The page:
Executive Content Co-Editor
This Saturday, May 20, UC Santa Barbara’s (UCSB) 32nd annual Pilipino Cultural Night (PCN) finally returns to Campbell Hall! Created in affiliation with Kapatirang Pilipino (KP), the Filipinx organization on campus, PCN 32 showcases Filipinx tradition and celebrates culture in an evening of dance, acting, spoken word, martial arts, and more. The Bottom Line (TBL) sat down with its cast to discuss their excitement and preparation, the challenges they faced, and how they want PCN to leave its mark on the UCSB community.
For the past 32 years, the mission of PCN has been to highlight Filipinx culture and community at UCSB. This year, the night’s theme is “Sino Ako?” (“Who am I?”) which focuses on navigating challenges of identity, culture, and imposter syndrome within the Filipinx diaspora. There will be over 10 types of performances, from cultural dances such as tinikling to modern dance and spoken word. These acts are set to take part in an ongoing play-like acting aspect about a family grappling with such themes at home in the Philippines.
Many cast members recalled their reactions to the theme and what motivated them to tell the story of “Sino Ako?” Many shared similar sentiments about imposter syndrome, especially coming from a diaspora of many first and second-generation immigrants, in which entering certain studies like the medical field are highly encouraged.
Kyle Guiang, the spoken word coordinator, talked about how the connection with this theme influenced both his and his fellow cast’s art on stage.
“I think a lot of us suffer from first-generation trauma, like trying to navigate things by ourselves, high family expectations, and even sacrifices we have to make within our community and within ourselves,” Guiang told TBL.
These feelings resonate with many cast members, with mixed emotions guiding a variety of interpretations of imposter syndrome throughout. Through this process, the cast also reflected on the community they have built.
Jaylin Strong, a third-year transfer student, told TBL about how she has met many friends through KP and PCN. Strong described her intersectional identity as a Filipino, Black, and Korean, and recalled her own challenges with navigating identity growing up. She was excited to have an opportunity to show her love for singing and dancing while connecting with her Filipinx roots and the community at UCSB.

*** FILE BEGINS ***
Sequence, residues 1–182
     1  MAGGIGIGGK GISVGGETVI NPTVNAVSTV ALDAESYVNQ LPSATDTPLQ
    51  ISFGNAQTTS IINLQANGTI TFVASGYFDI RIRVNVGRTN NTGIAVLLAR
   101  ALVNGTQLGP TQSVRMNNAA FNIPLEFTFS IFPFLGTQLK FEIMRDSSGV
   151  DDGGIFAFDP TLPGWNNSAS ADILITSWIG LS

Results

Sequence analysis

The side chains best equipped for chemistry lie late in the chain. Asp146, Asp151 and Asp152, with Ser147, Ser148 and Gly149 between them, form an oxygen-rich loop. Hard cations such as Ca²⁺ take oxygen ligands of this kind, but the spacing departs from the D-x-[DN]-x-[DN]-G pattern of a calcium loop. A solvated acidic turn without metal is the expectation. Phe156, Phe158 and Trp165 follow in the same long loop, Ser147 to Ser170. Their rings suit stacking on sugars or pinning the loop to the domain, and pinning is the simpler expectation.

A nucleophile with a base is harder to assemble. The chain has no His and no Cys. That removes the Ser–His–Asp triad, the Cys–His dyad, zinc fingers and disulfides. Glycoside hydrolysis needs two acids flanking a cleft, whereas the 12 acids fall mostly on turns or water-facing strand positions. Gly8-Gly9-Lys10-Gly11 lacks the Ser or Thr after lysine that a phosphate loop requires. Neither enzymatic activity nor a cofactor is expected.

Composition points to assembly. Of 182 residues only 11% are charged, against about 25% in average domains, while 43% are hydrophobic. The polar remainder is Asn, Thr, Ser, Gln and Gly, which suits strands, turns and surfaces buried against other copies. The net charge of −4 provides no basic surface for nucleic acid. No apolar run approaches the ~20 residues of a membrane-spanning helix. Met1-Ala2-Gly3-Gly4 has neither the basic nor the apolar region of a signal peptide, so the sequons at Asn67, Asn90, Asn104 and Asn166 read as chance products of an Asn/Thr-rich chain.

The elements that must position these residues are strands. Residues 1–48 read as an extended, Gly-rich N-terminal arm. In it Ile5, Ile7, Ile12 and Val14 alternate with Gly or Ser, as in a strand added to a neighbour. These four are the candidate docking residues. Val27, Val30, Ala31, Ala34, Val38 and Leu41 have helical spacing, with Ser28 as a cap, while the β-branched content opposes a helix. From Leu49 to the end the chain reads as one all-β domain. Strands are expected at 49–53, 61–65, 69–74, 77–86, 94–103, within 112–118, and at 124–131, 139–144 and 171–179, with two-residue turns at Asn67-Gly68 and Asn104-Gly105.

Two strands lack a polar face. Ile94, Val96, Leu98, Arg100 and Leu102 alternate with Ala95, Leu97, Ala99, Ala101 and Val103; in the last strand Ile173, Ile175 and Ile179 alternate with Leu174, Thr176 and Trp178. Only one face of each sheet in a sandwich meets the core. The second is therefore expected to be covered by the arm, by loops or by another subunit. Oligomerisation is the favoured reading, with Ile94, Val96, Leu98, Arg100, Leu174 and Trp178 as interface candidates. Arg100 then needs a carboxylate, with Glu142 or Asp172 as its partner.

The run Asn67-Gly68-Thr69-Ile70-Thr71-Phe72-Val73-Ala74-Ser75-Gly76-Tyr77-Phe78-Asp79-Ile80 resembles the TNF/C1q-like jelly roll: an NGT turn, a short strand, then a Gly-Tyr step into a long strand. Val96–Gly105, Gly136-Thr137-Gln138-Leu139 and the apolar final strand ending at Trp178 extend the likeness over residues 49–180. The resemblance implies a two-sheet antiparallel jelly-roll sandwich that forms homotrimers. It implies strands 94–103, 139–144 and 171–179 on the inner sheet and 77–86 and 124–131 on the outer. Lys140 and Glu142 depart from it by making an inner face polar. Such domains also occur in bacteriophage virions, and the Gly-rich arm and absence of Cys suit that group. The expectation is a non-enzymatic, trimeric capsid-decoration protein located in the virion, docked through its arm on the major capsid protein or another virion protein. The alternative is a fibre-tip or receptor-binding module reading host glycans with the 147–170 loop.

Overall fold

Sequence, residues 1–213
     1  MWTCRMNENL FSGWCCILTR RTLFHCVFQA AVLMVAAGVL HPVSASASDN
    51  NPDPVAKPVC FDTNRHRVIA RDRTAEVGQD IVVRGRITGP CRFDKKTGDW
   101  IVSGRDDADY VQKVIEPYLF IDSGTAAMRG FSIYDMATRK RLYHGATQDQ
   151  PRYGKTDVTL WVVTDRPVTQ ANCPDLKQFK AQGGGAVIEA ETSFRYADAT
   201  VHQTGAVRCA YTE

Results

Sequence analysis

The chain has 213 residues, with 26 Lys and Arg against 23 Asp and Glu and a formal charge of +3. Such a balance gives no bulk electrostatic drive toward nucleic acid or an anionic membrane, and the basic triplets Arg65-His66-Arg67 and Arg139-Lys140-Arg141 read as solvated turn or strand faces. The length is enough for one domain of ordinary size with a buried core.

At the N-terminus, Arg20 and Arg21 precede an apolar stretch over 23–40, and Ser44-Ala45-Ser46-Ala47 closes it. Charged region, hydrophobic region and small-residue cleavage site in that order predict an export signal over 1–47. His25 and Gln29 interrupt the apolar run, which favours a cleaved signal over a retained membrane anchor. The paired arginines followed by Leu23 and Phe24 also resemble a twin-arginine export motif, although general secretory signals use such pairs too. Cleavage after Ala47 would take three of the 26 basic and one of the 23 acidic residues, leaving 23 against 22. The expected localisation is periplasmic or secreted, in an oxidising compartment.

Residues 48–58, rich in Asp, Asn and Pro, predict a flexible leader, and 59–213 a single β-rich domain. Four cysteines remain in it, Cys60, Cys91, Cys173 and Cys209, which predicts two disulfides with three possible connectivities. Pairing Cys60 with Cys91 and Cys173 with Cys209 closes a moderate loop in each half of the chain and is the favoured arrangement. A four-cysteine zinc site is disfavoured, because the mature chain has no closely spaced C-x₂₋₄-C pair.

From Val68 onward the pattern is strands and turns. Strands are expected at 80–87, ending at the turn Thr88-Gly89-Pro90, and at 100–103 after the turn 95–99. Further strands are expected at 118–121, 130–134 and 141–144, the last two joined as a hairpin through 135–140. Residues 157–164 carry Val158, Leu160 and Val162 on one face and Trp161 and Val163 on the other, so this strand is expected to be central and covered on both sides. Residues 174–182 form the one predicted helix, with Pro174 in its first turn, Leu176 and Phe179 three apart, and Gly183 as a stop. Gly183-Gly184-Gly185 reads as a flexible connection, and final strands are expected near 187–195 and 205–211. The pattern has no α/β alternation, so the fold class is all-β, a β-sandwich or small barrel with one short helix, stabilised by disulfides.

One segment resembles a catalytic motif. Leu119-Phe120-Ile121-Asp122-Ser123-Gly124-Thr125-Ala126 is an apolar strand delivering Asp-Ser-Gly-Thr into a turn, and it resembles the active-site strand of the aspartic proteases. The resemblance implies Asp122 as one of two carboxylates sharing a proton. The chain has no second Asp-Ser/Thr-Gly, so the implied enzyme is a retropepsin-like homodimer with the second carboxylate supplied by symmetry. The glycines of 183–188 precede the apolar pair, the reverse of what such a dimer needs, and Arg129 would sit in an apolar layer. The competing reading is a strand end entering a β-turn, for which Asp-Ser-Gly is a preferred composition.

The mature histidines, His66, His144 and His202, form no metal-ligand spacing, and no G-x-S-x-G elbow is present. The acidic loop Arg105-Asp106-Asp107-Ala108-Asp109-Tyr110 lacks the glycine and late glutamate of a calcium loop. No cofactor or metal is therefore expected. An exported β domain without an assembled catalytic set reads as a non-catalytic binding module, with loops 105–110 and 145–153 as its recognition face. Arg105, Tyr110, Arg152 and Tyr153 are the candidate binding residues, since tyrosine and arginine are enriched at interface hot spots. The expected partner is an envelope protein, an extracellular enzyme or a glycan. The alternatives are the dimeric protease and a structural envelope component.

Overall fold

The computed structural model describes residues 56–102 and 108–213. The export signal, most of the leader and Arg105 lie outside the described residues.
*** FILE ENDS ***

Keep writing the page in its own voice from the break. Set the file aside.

“PCN is the one thing that I think is such an outlet for people to get closer to each other because we’re seeing each other constantly through practices, and I just like all the hard work that gets put into it as well and the community it creates,” Strong said.
In the midst of community building and artistic expression, PCN 32 was faced with a number of challenges—the utmost one being how long it has been since the last cultural night. Many of the challenges were caused by this gap in passed-down knowledge due to the pandemic. Hannah Lacaste, PCN’s cultural executive, explained how this led to a lack of familiarity with the cultural aspects and dances, resulting in some acts being short-casted as well as issues in proper attire. As a result, Lacaste will perform as part of five aspects, serve as the co-coordinator for two, and more.
“It was definitely hard at first… Starting off PCN after four years of not having it, and a lot of [institutional] knowledge has been lost or not passed down by previous years. We’re all in a scramble here, we’re all learning and a lot of students here at UCSB don’t know about PCN.”
Having grown up in the Philippines, Lacaste shared her desire to showcase the richness and deepness of Filipino culture to the best of PCN’s ability. This passion to illuminate one’s culture is what pushes her and other cast members through these challenges.
As the marketing coordinator, third-year Kurt Lowell described his mission as helping spread the news of PCN and highlighting the hard work the cast has put in throughout the year. He expressed feeling some pressure coming into such a role, but ultimately tied it back to his motivation to become involved in the first place and help bring the night back to UCSB.
“Seeing so many passionate people come together in a collective effort to bring this back to life, I feel like it showcases the resilience that this community has,” Lowell told TBL. “Coming out of lockdown, you’re navigating a whole constantly changing world and we often ask ourselves, ‘Who are we?’ We struggle to find a place in this overall [world] because the [it] is constantly changing and it can be overwhelming, and I feel like that connects with what we’re doing for PCN.”
Finally, many cast members also gave a shout-out to Janelle Tadeo, the PCN 32 coordinator, for fostering such a welcoming and creative environment. From reaching out to the transfer students to emphasizing attentiveness and community during day-long “Super Sunday” practices, Tadeo is recognized by her team for her inspiring and passionate leadership throughout the year. PCN 32’s cast is excited to show off what they have been working on this year and invite everyone to buy tickets to their show Saturday, May 20 at 5 p.m.